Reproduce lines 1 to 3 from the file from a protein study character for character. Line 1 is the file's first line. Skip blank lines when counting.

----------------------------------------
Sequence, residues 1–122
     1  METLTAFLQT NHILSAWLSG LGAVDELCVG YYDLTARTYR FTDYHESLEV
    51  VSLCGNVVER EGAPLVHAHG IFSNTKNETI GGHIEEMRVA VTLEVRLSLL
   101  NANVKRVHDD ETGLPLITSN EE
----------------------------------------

Sequence, residues 1–122
     1  METLTAFLQT NHILSAWLSG LGAVDELCVG YYDLTARTYR FTDYHESLEV
    51  VSLCGNVVER EGAPLVHAHG IFSNTKNETI GGHIEEMRVA VTLEVRLSLL